Inefficiency from Strong Labor Unions or Strong School District: The Calculus of Bargaining Power and Competitive Markets

The economic efficiency of labor union contracts with a monopsonistic labor market can be analyzed with some simple tools from multivariate calculus and a theorem called the Envelop Theorem of functions.  This mathematical treatment is not the only method of analyzing societies overall welfare between these two agents, Game Theory is another modeling tool used to critically think about strategic situation and bargaining situations where there are threats, domination, and probabilistic calculations being implied or explicitly communicated between two or more parties. Another treatment of this problem using Mathematical Game Theory will be presented in a subsequent post.

This entry will examine the labor market without the existence of a union and then with the existence of a union, finally a model will be examined to explore the bargaining power and techniques of a labor union once it is created.  The welfare of the workers will be measured it the amount of workers employed and their respective wages.  The assumption imposed is that a labor union prefers more members to less and that workers prefer higher wages to lower wages.

Analytical Calculations/Derivations:

Suppose that all of the students that a teacher instructs, no matter what grade level, go on to graduate high school.  Also assume that a teacher can teach “t” kids a year and that the economic value of education for a high school graduate and a high school drop out is , “g” and “d” respectively. Therefore the marginal revenue product of one teacher is given by this general form:

The MR above is equal to a number and suppose that this number is 20 so 20 is the marginal revenue product of one teacher.

The school district is the only hirer of teachers in a local area and faces a labor supply curve of the form

Which merely states that for every dollar increase in wages (w) you will encourage 50 more people to supply (l) their services in the teaching sector.  The number 50 is just an arbitrary number and the actual number for a particular labor market can be calculated using econometrics.  Fifty is a nice round number so that will be arbitrary constant, and most importantly,  this number will not have an impact on our fundamental analysis of this market.

The total wage bill for the school district is equal to the wage (w) multiplied by the labor supplied (l).  When the school district thinks about hiring more teachers it must do so my analyzing at the margin, in other words they must think of the expense incurred from hiring another teacher and weigh those expenses against the economic benefits of hiring that teacher to the students.  This is why the formula for the total wage bill must be differentiated with respect to labor to get the marginal expense:

The quantity and wages paid to teachers is less than in a perfectly competitive labor market when the school district has all hiring power and there is no union.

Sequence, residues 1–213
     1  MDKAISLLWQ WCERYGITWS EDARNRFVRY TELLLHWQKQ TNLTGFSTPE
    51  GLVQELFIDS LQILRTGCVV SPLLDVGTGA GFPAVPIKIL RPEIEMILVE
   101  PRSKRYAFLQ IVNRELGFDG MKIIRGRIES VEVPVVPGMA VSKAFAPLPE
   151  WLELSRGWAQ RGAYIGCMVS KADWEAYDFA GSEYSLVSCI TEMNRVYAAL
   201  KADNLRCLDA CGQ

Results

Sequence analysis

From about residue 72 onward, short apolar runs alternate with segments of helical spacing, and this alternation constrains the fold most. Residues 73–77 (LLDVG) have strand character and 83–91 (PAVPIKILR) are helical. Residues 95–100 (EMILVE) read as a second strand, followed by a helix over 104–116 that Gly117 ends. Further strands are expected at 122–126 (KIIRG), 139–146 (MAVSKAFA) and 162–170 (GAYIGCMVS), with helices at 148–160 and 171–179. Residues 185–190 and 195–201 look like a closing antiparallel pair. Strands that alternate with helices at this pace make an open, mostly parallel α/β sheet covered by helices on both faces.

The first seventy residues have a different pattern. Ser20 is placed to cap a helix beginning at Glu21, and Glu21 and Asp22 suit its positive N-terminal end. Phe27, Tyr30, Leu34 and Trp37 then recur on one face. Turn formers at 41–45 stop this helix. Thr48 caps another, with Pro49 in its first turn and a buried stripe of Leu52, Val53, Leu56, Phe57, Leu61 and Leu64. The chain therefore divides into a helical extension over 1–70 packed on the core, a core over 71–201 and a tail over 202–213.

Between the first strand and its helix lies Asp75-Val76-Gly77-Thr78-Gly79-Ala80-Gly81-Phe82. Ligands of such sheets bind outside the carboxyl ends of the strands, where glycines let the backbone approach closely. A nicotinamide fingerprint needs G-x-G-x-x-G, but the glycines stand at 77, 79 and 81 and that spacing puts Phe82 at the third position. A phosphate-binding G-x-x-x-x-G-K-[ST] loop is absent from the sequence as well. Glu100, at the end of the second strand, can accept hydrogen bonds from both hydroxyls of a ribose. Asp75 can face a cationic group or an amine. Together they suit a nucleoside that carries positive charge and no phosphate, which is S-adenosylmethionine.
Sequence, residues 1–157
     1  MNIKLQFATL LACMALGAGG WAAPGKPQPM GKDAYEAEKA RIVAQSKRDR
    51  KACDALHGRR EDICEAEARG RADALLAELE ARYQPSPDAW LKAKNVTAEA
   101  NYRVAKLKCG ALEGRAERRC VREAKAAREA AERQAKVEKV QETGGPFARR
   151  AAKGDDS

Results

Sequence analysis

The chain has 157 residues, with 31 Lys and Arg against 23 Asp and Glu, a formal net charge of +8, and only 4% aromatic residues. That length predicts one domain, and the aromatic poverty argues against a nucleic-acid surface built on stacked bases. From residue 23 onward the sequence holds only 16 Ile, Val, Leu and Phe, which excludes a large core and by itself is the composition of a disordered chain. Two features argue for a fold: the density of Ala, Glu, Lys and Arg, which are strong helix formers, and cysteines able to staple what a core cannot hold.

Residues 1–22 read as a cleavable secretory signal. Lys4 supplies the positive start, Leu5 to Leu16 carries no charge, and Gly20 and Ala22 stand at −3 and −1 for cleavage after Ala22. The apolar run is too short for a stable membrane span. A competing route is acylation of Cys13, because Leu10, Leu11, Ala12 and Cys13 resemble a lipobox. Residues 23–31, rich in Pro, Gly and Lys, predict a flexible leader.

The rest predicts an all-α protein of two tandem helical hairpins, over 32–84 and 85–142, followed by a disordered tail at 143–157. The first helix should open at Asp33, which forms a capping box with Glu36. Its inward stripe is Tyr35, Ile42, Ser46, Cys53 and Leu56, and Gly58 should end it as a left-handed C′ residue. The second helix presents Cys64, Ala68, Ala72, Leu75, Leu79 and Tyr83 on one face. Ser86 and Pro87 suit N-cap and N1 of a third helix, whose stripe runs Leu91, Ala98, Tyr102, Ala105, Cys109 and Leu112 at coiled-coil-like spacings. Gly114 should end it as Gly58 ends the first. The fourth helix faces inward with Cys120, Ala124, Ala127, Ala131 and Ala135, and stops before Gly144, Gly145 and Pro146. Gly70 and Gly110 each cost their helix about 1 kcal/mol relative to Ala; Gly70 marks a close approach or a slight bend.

To study the impact that unionization we must assume that we have a downward-sloping marginal revenue product for a labor curve of the form.

There are a few options for the equilibrium solution of this problem:

1) The Union is totally powerless and the School District imposes its hiring and wage decisions on the Union

The wage and hiring is determined above as 500 teachers get hired at a wage of $10.00

2) The Union is completely powerful and imposes its wages and hiring decisions on the School District

3)  The Union and the School District operate in perfectly competitive market where wages and hiring decisions are made by bargaining by individual principals and individual teachers, then we would have something akin to a perfectly competitive market:

The perfectly competitive price, that is when supply equals demand in the labor market implies that, l=583 and w=$11.66

4)  The Union and the School District each have enough power to make it so the ultimate outcome of hiring and wages are determined through bi-lateral bargaining

The fourth situation is the most realistic situation, where the labor union and the school district bargain for wages and in by the duality principle of commodity pricing, also bargain for the quantity of teachers hired.

Here is a summary of the different labor market outcomes on quantity of teachers hired and their wages,  based on the power of the union and school district in bargaining and non-bargaining and situations:

Conclusion:  A competitive labor market for education would cause the increase in the number of teachers and the wages of teachers, if either the Teacher’s Union or the School District has too much power then there will be inefficiencies in the market.  If the teacher Union has too much power then they will increases wages until the point where the less teachers are hired than in the competitive market.  If the School district has too much power then they will hire less teachers and pay them less than if they were in a perfectly competitive market.  In the competitive market there are the maximum number of teachers hired, but the wages are not as high as they would have been under a strong Union, but they are not as low as they would be under a strong District.  The competitive outcome is preferred by society because they receive the maximum amount of services at a low cost, it is efficient and their is no waste in the system, but this would entail having a large number of competing public and private schools as well as a dismantling of the Teacher’s Union, both of which are unlikely to occur, despite the large welfare gains to society and the ultimate stakeholders, the students.